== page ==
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  1. I’d love to know Johnathan Wilmot’s reasoning behind Europe leading the world in economic growth. An uptick in demand? The likelyhood of that scenario under the current climate is very remote. I’m thinking the US is far better positioned to experience any upside in economic growth and has better implemented strategies to ensure it occurs.

  2. Looking at EU fundamentals just how is his prediction going to happen? Most likely profits on derivative plays. If he has any understanding and looked at TARGET 2 and the capital flows, how are the LTRO’s for example going to be paid back … wait for LTRO 3 to the rescue I suppose.

    I don’t buy his view at all. With contraction in credit, and rising unemployment along with the political mess it’s going to take a miracle IMO to get growth in the short term. Or maybe he thinks the ECB is about to do massive QE … possible.

  3. Just thinking……

    For a while my take has been that everyone will do absolutely anything to avoid the looming disaster. So LTRO15, Money drops, ‘education allowances’, consumer support bonus payments…anything is now on the cards and WILL happen.

    What will be the outcome? Inflation will be dodged initially because we are actually trying to back-fill the unsustainable private credit boom of the previous decades. That economy was unsustainable as is this one.

    So we can just print more and more money, create more and more jobs in Govt, serving coffees, and retailing Chinese imports. Production and productivity continue to decline. REAL productive jobs become less and less important since they pay less than Govt and service sector jobs. Production declines even further. We can just import everything we need. Hmmmmmmmmm sounds fine by me!

    I have a niggling (!) worry that currencies will become worth nothing!

    Anyway let’s not worry about that we can all live pretty well meanwhile and avoid any adjustment to our lifestyles.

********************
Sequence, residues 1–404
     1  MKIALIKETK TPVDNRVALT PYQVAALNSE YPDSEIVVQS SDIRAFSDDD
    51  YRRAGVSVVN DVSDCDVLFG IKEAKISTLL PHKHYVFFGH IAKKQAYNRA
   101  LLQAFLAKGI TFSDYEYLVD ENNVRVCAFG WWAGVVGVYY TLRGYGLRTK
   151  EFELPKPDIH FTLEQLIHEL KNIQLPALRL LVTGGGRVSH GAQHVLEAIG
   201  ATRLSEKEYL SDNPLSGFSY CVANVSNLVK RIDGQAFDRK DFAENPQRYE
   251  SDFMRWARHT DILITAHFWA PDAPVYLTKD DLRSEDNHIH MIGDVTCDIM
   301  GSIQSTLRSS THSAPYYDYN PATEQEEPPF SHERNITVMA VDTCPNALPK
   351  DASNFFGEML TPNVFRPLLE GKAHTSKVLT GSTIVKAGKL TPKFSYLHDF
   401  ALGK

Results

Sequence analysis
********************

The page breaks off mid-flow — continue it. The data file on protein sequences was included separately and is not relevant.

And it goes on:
4. P,S. Sorry! The REAL point was MAYBE we are headed for all those money drops. Real growth will be zilch but the inflationary effects will drive the markets.
    So maybe the thing to do is take our bits of paper and throw them into the stock market?
    It’s worked so far since the GFC

    Sorry I got sidetracked on my hobby horse and didn’t mean to divert the discussion on this thread which is about how to make (preserve) money in this scenario.

  5. bskerr2MEMBER

    New elections in Greece will most likely give even more support to these new parties and less for ND and Pasok as people becoming confident in leaving the Euro. Indignant in Spain is growing in size again, has not turned violent but its just about there. To me it feels like we have only just started the decline on markets. This is what should have happened back in 2008 but instead governments along with the rich meet and came up with this plan to print money and strangle growth. Now we have 2012. 4 Years later and with no options really left. PIIGS will all fall at some stage, Greece is just the trigger.

    • Aristophrenia

      The Krugman article is so full on – that is incredibly serious. The tone of the respondents, not including rabid right wingers blaming socialism and Clinton for the current failures, is one of shock but acceptance that Krugman has said this.

      A good point to note was the danger of putting it all on the line with such a short and absolute prediction time frame……

      EU failure imminent within months.

      Tend to agree.

    • SweeperMEMBER

      Last week the Bundesbank said they may accept higher inflation – so things must be bad.

      • Aristophrenia

        Ok. it looks like they are going to set the agenda for a Greek exit – 5 pm today.

        Krugman was right –

        The interesting thing about this is, that the prediction was always – Why did Ireland accept such destructive terms ?, And would they join Greece if they left the union ?

        The news coming out of Iceland of a new constitution, criminal charges, dismissing debt, and restructuring the entire economy with great success may well be looking very appealing to Ireland right now, Spain next week, Portugal and then Italy.

        The question which was always raised regarding the EU by the northern countries was why should we pay for the southern life style – we should have two currencies, it looks like this may well be the only viable option.

        A southern dollar, the peso, and the northen mark.

  6. Is this the same guy that triggered a massive short selling of Macquarie Bank during the GFC?